The next day, on Monday night, Fox News's Tucker Carlson took his swing at tearing America apart with a 25-minute rant arguing that "Black Lives Matter" has now, essentially, taken over America and America's news media.

"This may be a lot of things, this moment we're living through, but it is definitely not about black lives," Carlson gravely intoned. "Remember that when they come for you, and at this rate, they will."

While Carlson didn't say who the "they" who "will come for you" were, or if they were black people being sent by George Soros, the philanthropist has appeared for years as the puppet-master bogeyman on Fox News, rightwing hate radio, and on anti-Semitic, racist or Republican websites and Facebook groups.

Here's a message to white people across America: nobody's coming to get you.

There are people whose skin is darker than yours who are tired of being discriminated against, beaten, harassed and, frequently, even murdered by people who look like you and me.

And, by and large, their response has been to simply ask that the violence and hate directed at them stop.

While Bill Barr, Donald Trump, and right wing groups like Freedomworks are doing what they can to stoke white fear and sometimes even hate, black people are simply asking to be treated like the human beings they are.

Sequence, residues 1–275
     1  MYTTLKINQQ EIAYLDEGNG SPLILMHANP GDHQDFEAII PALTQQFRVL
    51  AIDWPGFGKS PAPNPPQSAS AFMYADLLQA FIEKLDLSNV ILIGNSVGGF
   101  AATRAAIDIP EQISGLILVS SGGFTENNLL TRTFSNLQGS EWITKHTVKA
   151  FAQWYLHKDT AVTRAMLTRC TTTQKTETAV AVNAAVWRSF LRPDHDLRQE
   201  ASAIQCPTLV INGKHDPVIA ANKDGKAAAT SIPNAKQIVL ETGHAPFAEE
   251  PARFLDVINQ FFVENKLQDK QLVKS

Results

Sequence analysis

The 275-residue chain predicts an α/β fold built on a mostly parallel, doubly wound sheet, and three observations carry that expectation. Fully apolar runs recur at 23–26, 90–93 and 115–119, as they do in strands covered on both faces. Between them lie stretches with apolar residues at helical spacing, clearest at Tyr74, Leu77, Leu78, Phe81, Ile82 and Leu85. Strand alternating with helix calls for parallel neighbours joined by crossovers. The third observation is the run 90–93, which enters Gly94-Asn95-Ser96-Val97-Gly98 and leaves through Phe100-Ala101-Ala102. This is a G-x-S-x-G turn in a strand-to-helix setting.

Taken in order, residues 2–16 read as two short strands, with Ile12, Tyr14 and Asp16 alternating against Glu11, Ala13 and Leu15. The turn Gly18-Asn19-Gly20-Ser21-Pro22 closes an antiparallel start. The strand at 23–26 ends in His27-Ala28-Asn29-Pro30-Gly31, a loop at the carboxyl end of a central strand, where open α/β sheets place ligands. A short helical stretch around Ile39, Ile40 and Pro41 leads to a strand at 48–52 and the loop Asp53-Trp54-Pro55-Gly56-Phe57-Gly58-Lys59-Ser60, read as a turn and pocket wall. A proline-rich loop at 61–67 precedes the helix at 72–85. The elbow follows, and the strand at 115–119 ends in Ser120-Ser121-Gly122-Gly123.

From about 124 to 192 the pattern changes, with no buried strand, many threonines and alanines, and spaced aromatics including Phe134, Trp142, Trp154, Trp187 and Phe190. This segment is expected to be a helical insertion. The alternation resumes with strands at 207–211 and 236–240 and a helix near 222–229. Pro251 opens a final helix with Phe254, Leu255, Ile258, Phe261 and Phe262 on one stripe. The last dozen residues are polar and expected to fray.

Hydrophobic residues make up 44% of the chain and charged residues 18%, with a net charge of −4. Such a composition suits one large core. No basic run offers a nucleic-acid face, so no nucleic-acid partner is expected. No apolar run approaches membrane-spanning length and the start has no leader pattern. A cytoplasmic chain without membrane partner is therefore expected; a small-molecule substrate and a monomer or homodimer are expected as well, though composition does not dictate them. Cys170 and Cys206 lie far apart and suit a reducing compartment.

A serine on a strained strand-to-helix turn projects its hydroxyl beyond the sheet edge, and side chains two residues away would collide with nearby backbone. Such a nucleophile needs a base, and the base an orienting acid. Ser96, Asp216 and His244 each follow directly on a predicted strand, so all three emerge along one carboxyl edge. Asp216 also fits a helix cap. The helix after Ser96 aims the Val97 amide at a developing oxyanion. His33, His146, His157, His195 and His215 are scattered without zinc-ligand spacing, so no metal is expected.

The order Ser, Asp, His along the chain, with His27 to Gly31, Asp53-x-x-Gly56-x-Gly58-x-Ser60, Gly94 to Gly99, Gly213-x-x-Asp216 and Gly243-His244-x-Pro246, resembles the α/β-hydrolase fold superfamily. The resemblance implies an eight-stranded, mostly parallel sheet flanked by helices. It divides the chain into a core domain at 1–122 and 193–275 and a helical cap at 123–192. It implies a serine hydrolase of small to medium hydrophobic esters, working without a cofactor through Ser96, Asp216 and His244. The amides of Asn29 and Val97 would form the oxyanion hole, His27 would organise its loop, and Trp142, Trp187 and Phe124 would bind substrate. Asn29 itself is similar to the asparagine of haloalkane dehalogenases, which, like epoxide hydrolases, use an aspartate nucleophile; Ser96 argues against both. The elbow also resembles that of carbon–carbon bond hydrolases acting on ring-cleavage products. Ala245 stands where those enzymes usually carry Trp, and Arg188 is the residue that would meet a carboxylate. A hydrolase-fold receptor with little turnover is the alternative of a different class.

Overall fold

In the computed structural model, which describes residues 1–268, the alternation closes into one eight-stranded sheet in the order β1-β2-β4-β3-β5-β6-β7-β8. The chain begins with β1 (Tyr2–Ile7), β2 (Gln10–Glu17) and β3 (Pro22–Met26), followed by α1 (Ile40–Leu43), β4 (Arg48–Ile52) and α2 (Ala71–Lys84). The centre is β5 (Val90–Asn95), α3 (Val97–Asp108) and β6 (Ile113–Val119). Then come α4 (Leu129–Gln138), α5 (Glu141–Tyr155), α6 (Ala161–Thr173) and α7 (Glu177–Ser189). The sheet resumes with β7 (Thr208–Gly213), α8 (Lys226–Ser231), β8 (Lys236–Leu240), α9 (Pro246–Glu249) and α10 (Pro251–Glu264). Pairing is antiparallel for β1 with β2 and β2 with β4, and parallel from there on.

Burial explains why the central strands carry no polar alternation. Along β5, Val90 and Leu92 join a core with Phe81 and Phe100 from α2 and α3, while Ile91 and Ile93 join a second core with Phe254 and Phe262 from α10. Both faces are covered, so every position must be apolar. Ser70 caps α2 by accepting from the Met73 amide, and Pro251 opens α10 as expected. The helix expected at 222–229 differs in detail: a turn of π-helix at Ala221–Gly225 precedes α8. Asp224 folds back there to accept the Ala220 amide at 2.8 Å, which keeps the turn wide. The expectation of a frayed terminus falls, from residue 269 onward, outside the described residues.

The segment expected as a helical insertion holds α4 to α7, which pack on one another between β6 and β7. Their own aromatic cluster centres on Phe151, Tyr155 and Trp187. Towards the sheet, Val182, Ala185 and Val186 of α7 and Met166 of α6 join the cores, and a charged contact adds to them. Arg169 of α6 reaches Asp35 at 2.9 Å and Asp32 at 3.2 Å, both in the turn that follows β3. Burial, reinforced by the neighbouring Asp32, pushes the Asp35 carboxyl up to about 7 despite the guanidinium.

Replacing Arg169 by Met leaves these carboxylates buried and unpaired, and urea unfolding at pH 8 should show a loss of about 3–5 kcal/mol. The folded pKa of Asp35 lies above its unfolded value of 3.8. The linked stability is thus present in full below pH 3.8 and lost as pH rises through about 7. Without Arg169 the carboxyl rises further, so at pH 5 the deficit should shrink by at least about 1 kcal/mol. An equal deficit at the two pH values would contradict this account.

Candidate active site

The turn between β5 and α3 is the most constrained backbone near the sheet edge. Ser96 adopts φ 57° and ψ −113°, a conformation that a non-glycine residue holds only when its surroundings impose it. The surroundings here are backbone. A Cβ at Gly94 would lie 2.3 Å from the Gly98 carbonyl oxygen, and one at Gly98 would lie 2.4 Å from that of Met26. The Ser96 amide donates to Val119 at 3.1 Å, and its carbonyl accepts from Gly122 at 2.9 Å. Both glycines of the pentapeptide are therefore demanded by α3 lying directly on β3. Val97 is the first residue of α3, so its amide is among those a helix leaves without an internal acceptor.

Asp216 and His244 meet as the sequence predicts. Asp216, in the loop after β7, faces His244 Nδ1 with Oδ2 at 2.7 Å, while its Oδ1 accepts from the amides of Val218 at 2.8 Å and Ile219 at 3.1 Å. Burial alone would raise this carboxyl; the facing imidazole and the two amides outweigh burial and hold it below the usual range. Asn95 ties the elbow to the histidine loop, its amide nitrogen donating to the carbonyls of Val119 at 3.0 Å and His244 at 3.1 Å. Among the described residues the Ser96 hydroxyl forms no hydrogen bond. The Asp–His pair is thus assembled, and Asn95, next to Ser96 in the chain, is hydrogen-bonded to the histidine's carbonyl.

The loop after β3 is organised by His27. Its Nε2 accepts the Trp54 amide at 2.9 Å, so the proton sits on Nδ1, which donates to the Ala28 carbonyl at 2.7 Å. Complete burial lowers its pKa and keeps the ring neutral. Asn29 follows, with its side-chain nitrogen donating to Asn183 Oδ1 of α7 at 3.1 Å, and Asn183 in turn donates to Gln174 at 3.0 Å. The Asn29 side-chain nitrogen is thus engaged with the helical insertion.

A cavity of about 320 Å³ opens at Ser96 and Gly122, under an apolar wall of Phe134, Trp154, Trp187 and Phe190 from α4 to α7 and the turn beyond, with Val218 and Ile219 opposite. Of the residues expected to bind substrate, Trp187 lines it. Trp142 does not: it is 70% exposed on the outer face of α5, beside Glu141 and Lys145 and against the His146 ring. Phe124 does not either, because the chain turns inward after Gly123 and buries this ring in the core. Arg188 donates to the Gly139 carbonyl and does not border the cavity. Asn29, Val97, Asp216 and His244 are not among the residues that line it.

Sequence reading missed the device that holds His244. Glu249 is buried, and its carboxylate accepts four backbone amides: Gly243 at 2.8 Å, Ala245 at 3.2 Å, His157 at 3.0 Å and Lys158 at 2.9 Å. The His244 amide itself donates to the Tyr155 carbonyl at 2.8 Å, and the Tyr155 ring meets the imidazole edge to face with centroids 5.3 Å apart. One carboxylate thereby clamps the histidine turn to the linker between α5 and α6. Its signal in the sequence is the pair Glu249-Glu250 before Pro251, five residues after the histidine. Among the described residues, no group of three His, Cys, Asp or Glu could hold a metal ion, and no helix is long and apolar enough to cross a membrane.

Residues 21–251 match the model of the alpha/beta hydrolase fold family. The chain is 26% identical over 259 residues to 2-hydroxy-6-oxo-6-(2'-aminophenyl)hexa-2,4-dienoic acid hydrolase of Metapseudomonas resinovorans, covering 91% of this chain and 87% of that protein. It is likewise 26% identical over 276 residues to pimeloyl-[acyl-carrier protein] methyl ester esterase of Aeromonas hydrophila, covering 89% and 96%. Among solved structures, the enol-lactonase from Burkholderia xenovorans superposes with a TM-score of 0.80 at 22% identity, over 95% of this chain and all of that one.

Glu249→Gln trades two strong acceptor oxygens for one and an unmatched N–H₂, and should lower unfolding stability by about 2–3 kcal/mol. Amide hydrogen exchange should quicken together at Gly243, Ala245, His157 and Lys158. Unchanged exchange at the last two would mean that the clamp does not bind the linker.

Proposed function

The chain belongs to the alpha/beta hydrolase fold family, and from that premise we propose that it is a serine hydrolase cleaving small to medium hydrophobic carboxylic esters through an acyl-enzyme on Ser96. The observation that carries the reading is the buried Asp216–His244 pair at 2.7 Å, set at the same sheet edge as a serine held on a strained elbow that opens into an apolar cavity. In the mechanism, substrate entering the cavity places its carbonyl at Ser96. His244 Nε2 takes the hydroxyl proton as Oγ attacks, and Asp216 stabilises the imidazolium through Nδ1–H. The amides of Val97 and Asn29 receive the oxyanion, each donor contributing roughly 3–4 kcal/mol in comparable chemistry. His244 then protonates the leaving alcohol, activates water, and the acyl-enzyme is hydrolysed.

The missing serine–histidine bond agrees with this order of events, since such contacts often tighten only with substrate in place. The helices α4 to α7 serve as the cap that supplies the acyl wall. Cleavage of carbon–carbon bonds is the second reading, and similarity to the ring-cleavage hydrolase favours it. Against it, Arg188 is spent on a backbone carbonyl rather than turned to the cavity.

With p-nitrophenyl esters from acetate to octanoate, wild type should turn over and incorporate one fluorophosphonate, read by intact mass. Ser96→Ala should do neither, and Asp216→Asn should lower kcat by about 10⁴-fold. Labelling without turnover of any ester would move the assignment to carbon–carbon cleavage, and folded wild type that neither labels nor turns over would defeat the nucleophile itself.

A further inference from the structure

The electoral strategy of frightening white people worked well for Richard Nixon in 1968 with his "Southern strategy" and for George HW Bush with his Willie Horton ads. It put them both in the White House.

But back then the only black faces on television were either bad guys in cop shows or buffoons in situation comedies. Many white people, having no contact in their lives with people of color, believed these stereotypes to be generally true. Such white people are over-represented among the elderly white population that watches Fox News and consumes rightwing hate radio.

Today, however, our media is more diverse and a young generation has grown up realizing that we are all, people of all races, in this life and this country together.

White America is changing, awakening, and realizing black people simply want the same thing white people do: life, liberty and the pursuit of happiness.

No matter how many freaky anti-Antifa tweets Trump pushes out, or press conferences Bill Barr holds blaming anti-fascists and black people for America's problems, this is no longer 1968 or 1992.